Assembling IKEA furniture can be a daunting undertaking. WSJ's Michael Hsu shows you how to power through the building process without loosing your screws. Video: Carly Marsh/WSJ, Illustration: Kiersten Essenpreis.

The little company that hit the star wars jackpot

HE’S not just the biggest star from The Force Awakens — BB-8 has rocketed one small company to a galaxy far, far away.

Christmas shoppers would no doubt have seen the toy version of the adorable soccer ball-shaped droid on shelves in every electronics store around the country. At $249, hes not cheap, but BB-8 is proving to be one of this years must-have items.

Sphero, the little-known robotics company that manufactures the toy, has seen its fortunes go into hyperdrive thanks largely to a chance encounter with Disney chief executive Bog Iger last summer.

The Boulder, Colorado-based company, which has been making ball-shaped, internet-connected toys since 2011, had entered Disneys Accelerator program, which helps small companies grow their business by tapping into the creative library of Disney properties.

Spheros two founders, Ian Bernstein and Adam Wilson, and CEO Paul Berberian, met Mr Iger on the second day of the program. The Disney boss immediately saw an opportunity.

He opens up his iPhone, and he starts showing dailies [from The Force Awakens] and watermarked photos that nobody has seen other than the people directly involved with the movie, Mr Berberian told Wired.

Iger pointed to BB-8 and asked if Sphero could make it. He said, thats the new droid, the new R2D2, and it looks a lot like what you are making, Berberian told the Financial Times. In the course of 60 seconds, you process that this could be huge. We even knew how to do the head, we already had the technology.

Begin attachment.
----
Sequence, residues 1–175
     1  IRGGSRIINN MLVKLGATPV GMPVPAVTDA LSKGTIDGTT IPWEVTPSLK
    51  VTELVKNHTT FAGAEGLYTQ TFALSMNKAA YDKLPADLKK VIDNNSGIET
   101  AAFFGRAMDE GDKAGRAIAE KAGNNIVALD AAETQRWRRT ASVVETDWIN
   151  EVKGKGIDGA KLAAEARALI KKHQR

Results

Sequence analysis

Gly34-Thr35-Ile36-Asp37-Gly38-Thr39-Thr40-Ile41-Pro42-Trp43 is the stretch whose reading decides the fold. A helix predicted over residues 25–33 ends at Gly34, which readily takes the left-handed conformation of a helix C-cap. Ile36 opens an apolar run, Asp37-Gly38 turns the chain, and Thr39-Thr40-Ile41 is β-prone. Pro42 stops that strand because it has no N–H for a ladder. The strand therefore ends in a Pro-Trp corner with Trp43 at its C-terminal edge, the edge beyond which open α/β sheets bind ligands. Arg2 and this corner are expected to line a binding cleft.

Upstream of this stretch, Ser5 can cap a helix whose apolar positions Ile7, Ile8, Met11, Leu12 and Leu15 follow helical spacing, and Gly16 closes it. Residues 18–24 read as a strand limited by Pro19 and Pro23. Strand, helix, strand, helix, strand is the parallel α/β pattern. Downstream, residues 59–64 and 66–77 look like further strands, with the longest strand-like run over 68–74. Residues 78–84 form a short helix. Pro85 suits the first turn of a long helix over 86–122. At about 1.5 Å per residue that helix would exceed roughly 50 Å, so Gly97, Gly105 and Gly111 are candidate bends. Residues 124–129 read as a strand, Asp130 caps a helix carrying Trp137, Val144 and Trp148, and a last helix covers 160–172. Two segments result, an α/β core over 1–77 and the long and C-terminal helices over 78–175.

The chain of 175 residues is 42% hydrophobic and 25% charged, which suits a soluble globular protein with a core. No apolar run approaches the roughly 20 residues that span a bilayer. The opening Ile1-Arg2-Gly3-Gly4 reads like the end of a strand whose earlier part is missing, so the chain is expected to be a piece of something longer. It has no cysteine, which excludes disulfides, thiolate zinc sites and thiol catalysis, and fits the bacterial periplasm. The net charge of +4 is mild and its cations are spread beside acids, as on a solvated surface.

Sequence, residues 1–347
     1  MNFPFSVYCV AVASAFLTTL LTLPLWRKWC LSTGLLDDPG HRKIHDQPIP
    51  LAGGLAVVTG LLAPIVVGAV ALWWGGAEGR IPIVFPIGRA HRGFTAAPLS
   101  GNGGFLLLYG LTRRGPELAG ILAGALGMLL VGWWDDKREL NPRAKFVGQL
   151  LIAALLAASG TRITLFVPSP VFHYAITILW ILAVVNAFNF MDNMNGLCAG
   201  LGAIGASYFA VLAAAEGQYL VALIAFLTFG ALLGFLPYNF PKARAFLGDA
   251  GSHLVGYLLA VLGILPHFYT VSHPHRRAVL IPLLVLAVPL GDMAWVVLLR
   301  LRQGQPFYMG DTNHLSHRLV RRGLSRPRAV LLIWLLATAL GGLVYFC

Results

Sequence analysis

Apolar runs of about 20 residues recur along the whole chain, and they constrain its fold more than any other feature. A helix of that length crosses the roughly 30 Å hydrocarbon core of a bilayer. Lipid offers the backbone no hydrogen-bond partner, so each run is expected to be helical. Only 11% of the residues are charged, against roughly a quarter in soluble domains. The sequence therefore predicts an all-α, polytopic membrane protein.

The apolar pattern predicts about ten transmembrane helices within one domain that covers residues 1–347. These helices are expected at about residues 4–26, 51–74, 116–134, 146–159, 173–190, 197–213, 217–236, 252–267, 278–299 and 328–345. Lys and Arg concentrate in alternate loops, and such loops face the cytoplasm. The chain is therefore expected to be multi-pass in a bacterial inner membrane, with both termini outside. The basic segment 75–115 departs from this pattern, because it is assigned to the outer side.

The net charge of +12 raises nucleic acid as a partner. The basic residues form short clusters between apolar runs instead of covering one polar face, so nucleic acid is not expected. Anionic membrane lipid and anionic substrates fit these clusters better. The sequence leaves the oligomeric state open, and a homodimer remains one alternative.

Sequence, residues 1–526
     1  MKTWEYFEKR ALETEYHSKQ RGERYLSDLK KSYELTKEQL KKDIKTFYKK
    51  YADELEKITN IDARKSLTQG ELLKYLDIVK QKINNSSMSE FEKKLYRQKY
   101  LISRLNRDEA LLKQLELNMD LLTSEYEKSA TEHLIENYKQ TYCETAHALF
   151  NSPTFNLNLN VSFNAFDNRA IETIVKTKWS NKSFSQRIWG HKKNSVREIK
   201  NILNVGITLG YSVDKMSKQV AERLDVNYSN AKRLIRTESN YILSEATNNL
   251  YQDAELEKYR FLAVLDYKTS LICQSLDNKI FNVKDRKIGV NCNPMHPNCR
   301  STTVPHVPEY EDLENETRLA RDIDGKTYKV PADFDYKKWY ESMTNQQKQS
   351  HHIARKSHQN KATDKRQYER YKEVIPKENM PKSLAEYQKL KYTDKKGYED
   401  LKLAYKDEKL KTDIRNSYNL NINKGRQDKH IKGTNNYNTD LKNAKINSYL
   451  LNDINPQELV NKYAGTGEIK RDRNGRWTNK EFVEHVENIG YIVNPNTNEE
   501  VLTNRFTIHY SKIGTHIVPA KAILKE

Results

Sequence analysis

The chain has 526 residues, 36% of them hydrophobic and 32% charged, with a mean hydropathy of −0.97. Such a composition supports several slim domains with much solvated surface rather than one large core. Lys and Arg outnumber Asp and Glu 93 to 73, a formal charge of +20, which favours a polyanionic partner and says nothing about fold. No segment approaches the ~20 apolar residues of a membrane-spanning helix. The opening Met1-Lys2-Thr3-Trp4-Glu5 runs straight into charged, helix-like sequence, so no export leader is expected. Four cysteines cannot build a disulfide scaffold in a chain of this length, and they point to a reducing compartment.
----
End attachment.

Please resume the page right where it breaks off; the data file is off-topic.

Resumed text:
They acquired the license in November 2014, and in 10 months had a product ready to ship, just in time for the Force Friday toy sales event.

If you gave me a billion dollars to sell as many Spheros as possible, Id create a sci-fi movie that had a main character as a robot ball, Mr Berberian told the FT.

Bloomberg reports that when the company released the toy version of BB-8 on September 4, it sold 22,000 units in just 12 hours. Spheros September sales alone pulled in nearly 90 per cent of the companys usual annual haul.

We already were changing the way people interacted with robots, Mr Wilson told Bloomberg. This changed the way the world saw robots. It really did change everything. We could never have seen this coming like that.

The company had already sold more than half a million Sphero toys since 2011 and attracted $62 million in venture capital, but the Disney partnership has supercharged its growth. Sphero has already doubled its headcount to more than 100 since work on BB-8 began and plans to double staff again in the coming year.

It hasnt released sales figures, but Mr Berberian said sales were on track to be more than five times its original revenue targets for the year, and that in terms of overall sales value, it was selling better than any other [Star Wars] product out there.

Now that the film is out, the team can begin rolling out software updates to the toy to unlock new functions, such as holographic messages and new content for the app.

We can change the firmware, lets say we figure out a better algorithm for driving, Mr Berberian told Fortune. Or maybe in the movie theres a part where he spins his head around 20 times. I dont know. But we can add that. This is just the beginning.